Cover image for House by house, block by block : the rebirth of America's urban neighborhoods
House by house, block by block : the rebirth of America's urban neighborhoods
Von Hoffman, Alexander.
Personal Author:
Publication Information:
Oxford ; New York : Oxford University Press, [2003]

Physical Description:
xii, 306 pages : illustrations, maps ; 25 cm
The quest to save the inner city : a historical perspective -- Miracle on 174th Street -- Boston and the power of collaboration -- In the rust belt : can the ghetto be rebuilt? -- Olympic efforts in boomtown -- New immigrants transform the old city.
Reading Level:
1530 Lexile.
Electronic Access:
Table of contents
Format :


Call Number
Material Type
Home Location
Item Holds
HT175 .V66 2003 Adult Non-Fiction Non-Fiction Area

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Not long ago, neighborhoods such as the South Bronx, South Central Los Angeles, and Boston's Roxbury were crime-ridden wastelands of vacant lots and burned-out buildings, notorious symbols of urban decay. In House by House, Block by Block, Alexander von Hoffman tells the remarkable stories ofhow local activists and community groups helped turn these areas around. For sixty years, federal policy has attempted with little success to solve the problems of housing and poverty in America's inner cities. Yet increasingly, local organizations are picking up where Washington has left off. In a series of dramatic and colorful narratives, von Hoffman shows howthese groups are revitalizing once desperate neighborhoods in five major cities: New York, Boston, Chicago, Atlanta, and Los Angeles. The unlikely heroes include: the tough-talking Bronx priest who made apartment buildings for low-income people glisten in the midst of ruins and despair; the "crazywhite man" who scrambled to save Chicago's historic Black Metropolis from the wrecking ball; the Boston cops who built a task force that put the brakes on youth gangs. Thanks to locally-based, bootstrap efforts like these, in inner-city neighborhoods across the country, crime rates are falling, realestate values are rising, and businesses are returning. Von Hoffman also shows that grass-roots work can't do it alone: successful revitalization needs the support of local government and access to business and foundation capital. Based on years of research and more than a hundred interviews, this book is the first systematic account of the dramatic urban revival now going on in the United States. House by House, Block by Block will be a must-read for anyone who cares about the fate of America's cities.

Author Notes

Alexander von Hoffman is a senior research fellow at the Joint Center for Housing Studies at Harvard University and he teaches at Harvard's Graduate School of Design. He is the author of Local Attachments: The Making of an American Urban Neighborhood and he has written for publications such asThe Boston Globe and The Atlantic Monthly.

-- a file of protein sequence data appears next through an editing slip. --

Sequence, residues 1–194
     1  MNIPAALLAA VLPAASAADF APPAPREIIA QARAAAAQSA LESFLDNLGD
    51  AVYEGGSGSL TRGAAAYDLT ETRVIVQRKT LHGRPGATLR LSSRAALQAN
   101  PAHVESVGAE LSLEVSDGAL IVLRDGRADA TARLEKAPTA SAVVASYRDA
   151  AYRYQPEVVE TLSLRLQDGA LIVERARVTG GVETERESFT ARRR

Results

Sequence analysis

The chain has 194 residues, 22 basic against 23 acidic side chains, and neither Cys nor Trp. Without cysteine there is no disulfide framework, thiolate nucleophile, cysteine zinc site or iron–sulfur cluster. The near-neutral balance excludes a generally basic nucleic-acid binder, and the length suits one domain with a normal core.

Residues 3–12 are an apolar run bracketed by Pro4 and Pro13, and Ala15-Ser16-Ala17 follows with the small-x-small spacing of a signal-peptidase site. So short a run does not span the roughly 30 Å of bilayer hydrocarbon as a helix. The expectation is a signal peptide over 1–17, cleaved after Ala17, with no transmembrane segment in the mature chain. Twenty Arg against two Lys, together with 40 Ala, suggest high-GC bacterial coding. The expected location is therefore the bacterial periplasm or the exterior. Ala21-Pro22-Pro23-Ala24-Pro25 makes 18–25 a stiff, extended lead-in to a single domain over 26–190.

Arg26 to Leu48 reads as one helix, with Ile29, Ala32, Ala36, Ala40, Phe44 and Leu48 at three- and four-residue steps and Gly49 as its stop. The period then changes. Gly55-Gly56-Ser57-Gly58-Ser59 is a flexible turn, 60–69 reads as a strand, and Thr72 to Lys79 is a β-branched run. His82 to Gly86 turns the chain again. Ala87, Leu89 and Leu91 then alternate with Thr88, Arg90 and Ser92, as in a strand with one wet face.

Reviews 1

Publisher's Weekly Review

America's blighted inner cities enjoyed a renaissance in the 1990s, with crime rates plummeting and employment, real estate values and population all rising for the first time in decades. The credit for the turnaround, according to this absorbing study of urban revitalization, belongs to local community organizations, whose David vs. Goliath fight against red-lining banks and insurance companies, all-devouring real-estate developments and neglectful city halls helped preserve and revitalize their neighborhoods. Von Hoffman, an academic and the author of Local Attachments: The Making of an American Neighborhood, studies urban disaster areas such as the South Bronx, where housing activists helped transform burned-out ruins into flourishing neighborhoods, and South Central Los Angeles, where an influx of hard-working, entrepreneurial Latino immigrants built a vibrant working-class community after the 1992 riots. His is a somewhat conservative brand of urbanism, favoring "the power of capitalism" over vast urban renewal schemes that, he says, often destroy the character of the areas they're meant to revitalize. Hope for cities, he argues, lies not in glitzy stadiums and civic centers or giant public-housing projects, but in smaller-scale public-private partnerships, subsidies and tax incentives that encourage local landlords and mom-and-pop businesses, the motor of inner-city revitalization. Urban development policy is a labyrinth of heavily acronymed programs, regulations, community groups and government agencies, but von Hoffman's lucid narrative, with its colorful activists, Machiavellian politicians and inspiring struggles, brings this potentially mind-numbing subject to life. This book deserves to be read by everyone concerned with the fate of America's cities. Photos. (May) (c) Copyright PWxyz, LLC. All rights reserved

Table of Contents

Acknowledgmentsp. viii
Acronymsp. xi
House by House, Block by Blockp. 0
Introductionp. 1
1 A Historical Perspectivep. 7
2 Miracle on 174Th Streetp. 19
3 Boston and the Power of Collaborationp. 77
4 Can the Ghetto Be Rebuilt?p. 111
5 Olympic Efforts in Boomtownp. 159
6 New Immigrants Transform the Old Cityp. 207
7 Conclusionp. 251
Appendix I Inner-City Mortgage Borrowersp. 257
Appendix II Profile of Neighborhood Populations, 1970-2000p. 260
Notesp. 271
Indexp. 297